So, if you were to be off work due to illness or injury for an extended period, you would need to think about how you could maintain these payments.
For example, income protection can replace part of your income for an extended period if you were unable to work due to ill health. The payout you receive could enable you to keep up your maintenance payments and support your children.
You should also think about how you might be able to support your children if you were to die before they became financially independent.
In the event of your death, the maintenance will cease. Although your former spouse or partner may be able to make a claim against your estate, this is likely to take a significant amount of time to finalise. In the meantime, your ex-partner and your children will have to meet all their regular commitments and maintain their lifestyle.
One way you can protect maintenance payments to ensure your children receive vital financial support is by using “family income benefit”.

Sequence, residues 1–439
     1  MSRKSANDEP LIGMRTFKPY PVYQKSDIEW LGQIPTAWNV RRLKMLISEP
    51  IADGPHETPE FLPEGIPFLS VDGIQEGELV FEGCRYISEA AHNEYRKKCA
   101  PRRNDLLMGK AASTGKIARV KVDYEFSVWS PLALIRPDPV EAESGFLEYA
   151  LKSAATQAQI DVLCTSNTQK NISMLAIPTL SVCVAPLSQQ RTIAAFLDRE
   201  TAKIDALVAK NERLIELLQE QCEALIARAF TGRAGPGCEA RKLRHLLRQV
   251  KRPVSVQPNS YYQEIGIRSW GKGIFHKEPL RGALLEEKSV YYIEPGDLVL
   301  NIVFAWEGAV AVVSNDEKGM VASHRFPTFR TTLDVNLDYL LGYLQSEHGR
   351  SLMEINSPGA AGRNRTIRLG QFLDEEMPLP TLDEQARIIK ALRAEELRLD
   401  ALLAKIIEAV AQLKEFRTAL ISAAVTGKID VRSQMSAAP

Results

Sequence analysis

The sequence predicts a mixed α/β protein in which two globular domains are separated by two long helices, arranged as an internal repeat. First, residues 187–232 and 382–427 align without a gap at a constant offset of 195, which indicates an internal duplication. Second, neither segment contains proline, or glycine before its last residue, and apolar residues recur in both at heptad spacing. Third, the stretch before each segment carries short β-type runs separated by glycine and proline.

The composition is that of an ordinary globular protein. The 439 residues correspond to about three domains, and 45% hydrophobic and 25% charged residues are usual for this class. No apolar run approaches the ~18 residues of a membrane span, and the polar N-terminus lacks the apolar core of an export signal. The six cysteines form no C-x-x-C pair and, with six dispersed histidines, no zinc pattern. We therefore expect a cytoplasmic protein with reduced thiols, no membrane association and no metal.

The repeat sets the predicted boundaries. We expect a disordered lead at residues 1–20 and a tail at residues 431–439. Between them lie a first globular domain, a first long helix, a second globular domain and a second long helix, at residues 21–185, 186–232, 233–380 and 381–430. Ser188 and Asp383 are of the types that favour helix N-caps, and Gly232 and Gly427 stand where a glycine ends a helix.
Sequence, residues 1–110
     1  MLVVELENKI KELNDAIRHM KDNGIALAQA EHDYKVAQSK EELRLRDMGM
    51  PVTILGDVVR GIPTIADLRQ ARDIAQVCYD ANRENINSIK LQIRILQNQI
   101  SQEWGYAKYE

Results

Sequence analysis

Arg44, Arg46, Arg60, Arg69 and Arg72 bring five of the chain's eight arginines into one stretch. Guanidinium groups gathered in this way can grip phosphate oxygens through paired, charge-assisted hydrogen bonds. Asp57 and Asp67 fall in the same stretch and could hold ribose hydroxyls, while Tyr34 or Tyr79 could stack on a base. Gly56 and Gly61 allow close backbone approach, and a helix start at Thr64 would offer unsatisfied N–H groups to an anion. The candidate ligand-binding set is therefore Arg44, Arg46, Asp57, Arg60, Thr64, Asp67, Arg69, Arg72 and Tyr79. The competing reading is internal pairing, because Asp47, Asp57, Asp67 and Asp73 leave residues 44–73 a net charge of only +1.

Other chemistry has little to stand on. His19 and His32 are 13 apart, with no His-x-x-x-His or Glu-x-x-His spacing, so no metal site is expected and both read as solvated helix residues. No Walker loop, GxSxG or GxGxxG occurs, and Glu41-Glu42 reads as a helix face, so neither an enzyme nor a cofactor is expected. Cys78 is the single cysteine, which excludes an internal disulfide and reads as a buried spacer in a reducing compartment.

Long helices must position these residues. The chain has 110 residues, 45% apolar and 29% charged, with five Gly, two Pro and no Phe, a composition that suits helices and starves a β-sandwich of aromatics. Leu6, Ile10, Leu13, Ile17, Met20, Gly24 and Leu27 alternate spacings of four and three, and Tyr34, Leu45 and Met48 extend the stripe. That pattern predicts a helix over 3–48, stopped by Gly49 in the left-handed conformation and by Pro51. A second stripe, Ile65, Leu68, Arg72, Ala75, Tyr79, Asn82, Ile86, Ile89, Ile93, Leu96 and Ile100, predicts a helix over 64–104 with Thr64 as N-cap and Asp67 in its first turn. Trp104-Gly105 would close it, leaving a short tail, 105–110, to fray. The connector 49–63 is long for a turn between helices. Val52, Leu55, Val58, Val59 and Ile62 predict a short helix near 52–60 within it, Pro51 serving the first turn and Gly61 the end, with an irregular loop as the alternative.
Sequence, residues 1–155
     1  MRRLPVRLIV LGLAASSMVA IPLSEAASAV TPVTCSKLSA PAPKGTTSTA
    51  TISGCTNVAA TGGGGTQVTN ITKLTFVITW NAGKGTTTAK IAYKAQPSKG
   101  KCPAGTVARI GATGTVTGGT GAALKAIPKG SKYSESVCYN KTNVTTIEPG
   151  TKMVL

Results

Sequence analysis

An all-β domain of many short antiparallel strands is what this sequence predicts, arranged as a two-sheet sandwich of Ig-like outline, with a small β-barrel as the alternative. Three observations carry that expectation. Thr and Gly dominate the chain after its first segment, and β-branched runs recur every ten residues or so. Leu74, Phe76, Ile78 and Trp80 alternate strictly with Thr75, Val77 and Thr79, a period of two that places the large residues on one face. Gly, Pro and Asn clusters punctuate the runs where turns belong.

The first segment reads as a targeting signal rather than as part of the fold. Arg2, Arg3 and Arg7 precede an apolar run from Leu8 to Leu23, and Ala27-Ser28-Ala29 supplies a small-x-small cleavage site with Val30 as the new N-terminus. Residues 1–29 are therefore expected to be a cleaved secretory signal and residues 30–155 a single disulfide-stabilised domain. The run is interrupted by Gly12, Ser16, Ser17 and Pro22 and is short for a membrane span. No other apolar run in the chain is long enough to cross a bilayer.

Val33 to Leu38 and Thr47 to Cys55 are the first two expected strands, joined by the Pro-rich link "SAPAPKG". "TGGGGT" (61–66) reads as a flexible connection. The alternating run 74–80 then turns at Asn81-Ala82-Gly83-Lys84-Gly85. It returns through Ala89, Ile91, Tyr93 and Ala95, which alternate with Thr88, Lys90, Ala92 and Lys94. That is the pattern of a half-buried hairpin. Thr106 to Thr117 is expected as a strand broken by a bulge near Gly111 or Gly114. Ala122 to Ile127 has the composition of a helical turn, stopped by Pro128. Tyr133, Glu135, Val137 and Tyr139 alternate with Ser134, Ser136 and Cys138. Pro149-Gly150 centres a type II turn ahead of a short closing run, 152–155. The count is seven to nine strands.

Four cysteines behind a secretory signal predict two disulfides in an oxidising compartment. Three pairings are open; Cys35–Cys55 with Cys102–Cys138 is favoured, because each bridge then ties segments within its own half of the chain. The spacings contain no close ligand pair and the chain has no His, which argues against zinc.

Rather than paying a lump sum, family income benefit pays out a regular monthly sum on your death until the end of the policy term. So, for example, you could set up a policy that paid the court-ordered maintenance amount every month until your children were 18 or 21.
This is a cost-effective way of ensuring that your children would continue to receive your important maintenance – even if something were to happen to you.
Find out more about family income benefit in this useful guide, and how it can be a great choice for parents looking for cost-effective financial protection.
You may need to protect your new partner or family
If you are planning on remarrying or starting a new family in the future, you’ll also need to think about what protection you need.
At this time, it is possible you will need to protect:
- Your existing children or any ordered maintenance you have to pay (as above)
- Any borrowing you have – for example, you may have taken on a larger mortgage to buy your ex-spouse or partner’s share of the home you owned jointly
- Any other debts you have – it is easy to accumulate debt when going through a separation
- The life of your new partner, especially if you relay on both incomes to maintain your lifestyle
- Any stepchildren that you’re now responsible for
- Any mortgage you and your new partner take out if you decide to buy a home together.
Taking out single-life cover at this time (as you read above) can protect you from any future changes to your circumstances.